• Pre-notification procedure: A robo-adviser will need to give prior notice to the FMA setting out ‘good character’ declarations in relation to senior managers and directors and giving details of any criminal convictions in New Zealand or overseas. The FMA will need to issue a no objection confirmation in relation to the good character declarations before the robo-adviser starts business.
  • Status disclosure: The robo-adviser will need to clearly disclose that it is relying on the exemption and that the FMA has not in any way endorsed, approved or reviewed the service.
  • Disclosure: Before giving advice to a client, the robo-adviser will need to give the client sufficient information to make an informed decision, including:
    • The nature and scope of the service and whether the service is limited to a particular range of products. This will need to include:
      • Clarification of the extent of human involvement
      • Clarification that the advice provided will depend solely on the information provided by the client
      • An explanation of any limits on the advice or portfolios generated by the algorithm
      • A concise explanation of the benefits and risks of the service.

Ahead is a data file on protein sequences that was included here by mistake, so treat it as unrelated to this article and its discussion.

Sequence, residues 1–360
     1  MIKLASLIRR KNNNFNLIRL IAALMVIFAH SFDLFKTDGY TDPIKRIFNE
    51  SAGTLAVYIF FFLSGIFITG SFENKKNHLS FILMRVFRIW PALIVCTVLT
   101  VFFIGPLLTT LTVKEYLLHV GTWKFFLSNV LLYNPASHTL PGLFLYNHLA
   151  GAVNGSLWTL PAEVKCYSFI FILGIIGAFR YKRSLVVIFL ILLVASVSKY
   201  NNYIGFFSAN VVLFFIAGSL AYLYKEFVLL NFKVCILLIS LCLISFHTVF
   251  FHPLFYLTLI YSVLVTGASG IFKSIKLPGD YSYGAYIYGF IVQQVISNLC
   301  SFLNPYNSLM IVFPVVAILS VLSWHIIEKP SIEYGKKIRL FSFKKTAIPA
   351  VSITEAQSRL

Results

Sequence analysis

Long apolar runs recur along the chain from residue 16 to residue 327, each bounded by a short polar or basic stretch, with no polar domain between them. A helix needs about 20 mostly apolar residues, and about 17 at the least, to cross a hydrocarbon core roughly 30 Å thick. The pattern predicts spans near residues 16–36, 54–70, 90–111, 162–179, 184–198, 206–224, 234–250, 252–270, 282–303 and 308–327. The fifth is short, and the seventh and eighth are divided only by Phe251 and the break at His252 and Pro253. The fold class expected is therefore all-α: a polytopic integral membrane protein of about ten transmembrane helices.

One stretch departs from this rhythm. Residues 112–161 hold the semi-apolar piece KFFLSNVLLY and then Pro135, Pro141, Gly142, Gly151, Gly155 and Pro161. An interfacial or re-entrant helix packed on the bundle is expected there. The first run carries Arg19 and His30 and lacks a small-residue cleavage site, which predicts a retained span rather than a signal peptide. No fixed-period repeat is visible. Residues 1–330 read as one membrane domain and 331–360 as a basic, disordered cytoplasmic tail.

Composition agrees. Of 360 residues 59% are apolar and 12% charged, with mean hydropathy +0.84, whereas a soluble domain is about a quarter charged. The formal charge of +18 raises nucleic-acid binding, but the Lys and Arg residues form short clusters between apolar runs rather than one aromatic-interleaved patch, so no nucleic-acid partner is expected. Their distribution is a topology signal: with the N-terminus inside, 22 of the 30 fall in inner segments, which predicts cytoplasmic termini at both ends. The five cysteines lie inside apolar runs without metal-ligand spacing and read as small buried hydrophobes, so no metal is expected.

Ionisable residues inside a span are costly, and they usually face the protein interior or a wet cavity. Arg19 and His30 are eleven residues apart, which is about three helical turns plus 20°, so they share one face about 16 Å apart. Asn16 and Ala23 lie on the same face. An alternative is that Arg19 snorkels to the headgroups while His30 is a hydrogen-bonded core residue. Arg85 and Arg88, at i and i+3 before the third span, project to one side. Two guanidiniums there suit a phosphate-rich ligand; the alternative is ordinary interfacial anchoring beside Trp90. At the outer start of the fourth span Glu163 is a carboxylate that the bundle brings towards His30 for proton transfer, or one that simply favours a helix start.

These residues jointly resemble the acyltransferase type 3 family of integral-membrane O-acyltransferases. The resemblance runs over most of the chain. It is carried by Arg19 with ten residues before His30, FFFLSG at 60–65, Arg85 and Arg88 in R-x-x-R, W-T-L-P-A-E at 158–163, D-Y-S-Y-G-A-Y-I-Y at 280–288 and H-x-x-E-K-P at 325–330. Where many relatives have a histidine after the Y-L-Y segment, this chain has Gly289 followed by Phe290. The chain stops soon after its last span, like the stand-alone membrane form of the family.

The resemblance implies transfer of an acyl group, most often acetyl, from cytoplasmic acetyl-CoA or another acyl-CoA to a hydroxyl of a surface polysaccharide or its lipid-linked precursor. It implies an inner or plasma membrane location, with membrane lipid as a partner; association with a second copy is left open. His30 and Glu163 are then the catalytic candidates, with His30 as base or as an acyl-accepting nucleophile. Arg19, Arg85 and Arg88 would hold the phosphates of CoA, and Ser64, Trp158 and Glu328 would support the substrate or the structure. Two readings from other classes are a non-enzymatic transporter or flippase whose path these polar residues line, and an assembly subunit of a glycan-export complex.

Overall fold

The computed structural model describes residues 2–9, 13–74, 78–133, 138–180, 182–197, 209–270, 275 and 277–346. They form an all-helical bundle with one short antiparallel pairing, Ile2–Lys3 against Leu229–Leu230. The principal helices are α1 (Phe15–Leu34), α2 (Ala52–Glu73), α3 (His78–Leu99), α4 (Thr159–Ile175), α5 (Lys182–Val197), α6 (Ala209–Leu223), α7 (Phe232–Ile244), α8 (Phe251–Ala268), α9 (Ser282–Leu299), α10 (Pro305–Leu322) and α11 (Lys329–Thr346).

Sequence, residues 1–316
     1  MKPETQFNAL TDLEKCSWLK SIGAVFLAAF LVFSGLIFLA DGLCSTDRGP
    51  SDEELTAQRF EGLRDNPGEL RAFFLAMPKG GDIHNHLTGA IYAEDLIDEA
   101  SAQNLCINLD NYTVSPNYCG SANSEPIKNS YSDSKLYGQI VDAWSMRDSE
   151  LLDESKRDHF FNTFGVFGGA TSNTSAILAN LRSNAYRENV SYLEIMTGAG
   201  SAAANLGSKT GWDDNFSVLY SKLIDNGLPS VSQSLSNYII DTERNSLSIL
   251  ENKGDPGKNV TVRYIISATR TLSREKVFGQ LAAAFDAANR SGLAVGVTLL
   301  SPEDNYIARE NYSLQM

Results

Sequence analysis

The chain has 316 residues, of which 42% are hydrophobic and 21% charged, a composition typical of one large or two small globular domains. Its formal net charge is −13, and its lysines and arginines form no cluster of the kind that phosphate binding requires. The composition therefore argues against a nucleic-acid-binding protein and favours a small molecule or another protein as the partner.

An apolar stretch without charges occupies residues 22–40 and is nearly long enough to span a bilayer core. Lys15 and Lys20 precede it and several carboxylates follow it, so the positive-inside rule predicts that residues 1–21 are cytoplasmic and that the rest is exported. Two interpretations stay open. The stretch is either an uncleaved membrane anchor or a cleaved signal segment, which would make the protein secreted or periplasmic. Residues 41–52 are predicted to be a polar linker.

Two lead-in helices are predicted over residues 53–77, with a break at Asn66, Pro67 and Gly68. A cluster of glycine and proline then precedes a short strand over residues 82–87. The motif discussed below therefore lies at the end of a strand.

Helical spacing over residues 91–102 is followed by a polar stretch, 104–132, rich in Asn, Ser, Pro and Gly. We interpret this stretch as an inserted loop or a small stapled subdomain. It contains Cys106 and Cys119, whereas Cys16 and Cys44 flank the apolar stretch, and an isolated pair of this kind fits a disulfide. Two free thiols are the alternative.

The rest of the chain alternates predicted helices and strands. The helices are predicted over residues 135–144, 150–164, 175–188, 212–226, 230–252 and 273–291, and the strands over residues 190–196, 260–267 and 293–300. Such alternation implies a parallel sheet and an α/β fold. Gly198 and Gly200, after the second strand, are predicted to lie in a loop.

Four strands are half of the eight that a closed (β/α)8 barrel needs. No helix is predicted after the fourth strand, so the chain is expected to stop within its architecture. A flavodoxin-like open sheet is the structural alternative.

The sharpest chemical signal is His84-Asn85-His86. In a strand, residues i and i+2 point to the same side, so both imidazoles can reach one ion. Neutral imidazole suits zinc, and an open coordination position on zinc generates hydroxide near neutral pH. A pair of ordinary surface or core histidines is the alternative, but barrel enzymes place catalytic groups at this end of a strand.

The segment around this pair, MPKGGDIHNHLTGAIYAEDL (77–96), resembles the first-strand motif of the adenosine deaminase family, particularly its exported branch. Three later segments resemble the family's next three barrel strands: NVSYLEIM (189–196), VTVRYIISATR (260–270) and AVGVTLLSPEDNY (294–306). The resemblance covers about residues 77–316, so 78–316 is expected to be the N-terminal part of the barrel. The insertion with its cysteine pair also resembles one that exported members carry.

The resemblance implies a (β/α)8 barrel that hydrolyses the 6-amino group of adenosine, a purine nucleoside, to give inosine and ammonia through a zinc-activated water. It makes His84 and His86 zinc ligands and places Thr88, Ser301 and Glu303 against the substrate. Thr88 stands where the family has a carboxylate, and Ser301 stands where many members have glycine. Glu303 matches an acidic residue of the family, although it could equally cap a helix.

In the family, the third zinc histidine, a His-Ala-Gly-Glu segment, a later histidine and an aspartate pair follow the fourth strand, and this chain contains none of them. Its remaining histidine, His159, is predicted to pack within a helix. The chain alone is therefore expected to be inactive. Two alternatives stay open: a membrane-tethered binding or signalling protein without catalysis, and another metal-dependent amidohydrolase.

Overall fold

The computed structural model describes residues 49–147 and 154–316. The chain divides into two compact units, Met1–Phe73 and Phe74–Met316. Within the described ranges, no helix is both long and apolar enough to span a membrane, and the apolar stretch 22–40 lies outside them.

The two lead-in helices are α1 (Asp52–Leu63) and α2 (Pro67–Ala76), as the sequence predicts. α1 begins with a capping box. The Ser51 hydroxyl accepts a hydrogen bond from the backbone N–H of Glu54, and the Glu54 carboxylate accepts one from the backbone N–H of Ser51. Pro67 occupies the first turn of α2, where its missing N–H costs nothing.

• An explanation of the fees that must be paid.
    • Details of how the robo-adviser is paid and disclosing any actual or potential conflicts of interest that may influence the services provided.
    • An explanation of how complaints can be made.

The FMA expects that many providers will require client confirmation of these disclosures and encourages providers to proactively help clients to understand them.

  • Conduct: The FMA will require providers to consider the conduct obligations in the system design of the robo-advice tool. The conduct obligations are to:
    • Place the client’s interest first. Note that the FMA has made it clear that providers will not need to advise on products outside of their robo-advice service.